(Re)contextualizing the Trauma to Prevent or Treat PTSD-Related Hypermnesia

Aline Desmedt
Chronic Stress. 2021-01-01; 5: 247054702110210
DOI: 10.1177/24705470211021073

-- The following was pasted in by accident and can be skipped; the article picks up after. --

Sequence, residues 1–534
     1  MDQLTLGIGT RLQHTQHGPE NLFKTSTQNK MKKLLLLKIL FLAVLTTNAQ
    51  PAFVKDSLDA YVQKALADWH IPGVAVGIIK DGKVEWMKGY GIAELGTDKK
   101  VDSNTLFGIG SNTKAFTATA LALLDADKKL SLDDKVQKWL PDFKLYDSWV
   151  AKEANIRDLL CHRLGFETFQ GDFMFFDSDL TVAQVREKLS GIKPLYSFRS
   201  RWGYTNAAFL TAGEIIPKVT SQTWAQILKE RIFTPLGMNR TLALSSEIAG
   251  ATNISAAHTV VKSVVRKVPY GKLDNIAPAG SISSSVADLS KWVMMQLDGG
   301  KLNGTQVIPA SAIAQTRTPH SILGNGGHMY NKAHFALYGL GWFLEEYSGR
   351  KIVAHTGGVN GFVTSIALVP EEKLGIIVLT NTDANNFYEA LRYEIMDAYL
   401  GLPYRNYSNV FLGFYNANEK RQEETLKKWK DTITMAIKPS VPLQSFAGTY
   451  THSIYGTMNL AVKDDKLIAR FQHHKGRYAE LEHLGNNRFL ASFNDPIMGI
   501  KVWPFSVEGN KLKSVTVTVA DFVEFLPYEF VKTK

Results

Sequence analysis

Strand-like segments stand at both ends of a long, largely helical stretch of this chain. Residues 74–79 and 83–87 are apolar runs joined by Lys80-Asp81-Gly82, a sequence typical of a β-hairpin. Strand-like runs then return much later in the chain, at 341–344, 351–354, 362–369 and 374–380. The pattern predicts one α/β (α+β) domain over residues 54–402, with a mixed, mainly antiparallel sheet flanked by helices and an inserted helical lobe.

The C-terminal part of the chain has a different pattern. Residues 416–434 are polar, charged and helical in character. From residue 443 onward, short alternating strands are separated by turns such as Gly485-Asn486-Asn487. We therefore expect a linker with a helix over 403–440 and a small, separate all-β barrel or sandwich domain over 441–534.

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A cardinal feature of Post-traumatic stress-related disorder (PTSD) is a paradoxical memory alteration including both intrusive emotional hypermnesia and declarative/contextual amnesia. Most preclinical, but also numerous clinical, studies focus almost exclusively on the emotional hypermnesia aiming at suppressing this recurrent and highly debilitating symptom either by reducing fear and anxiety or with the ethically questionable idea of a rather radical erasure of traumatic memory. Of very mixed efficacy, often associated with a resurgence of symptoms after a while, these approaches focus on PTSD-related symptom while neglecting the potential cause of this symptom: traumatic amnesia. Two of our preclinical studies have recently demonstrated that treating contextual amnesia durably prevents, and even treats, PTSD-related hypermnesia. Specifically, promoting the contextual memory of the trauma, either by a cognitivo-behavioral, optogenetic or pharmacological approach enhancing a hippocampus-dependent memory processing of the trauma normalizes the fear memory by inducing a long-lasting suppression of the erratic traumatic hypermnesia.

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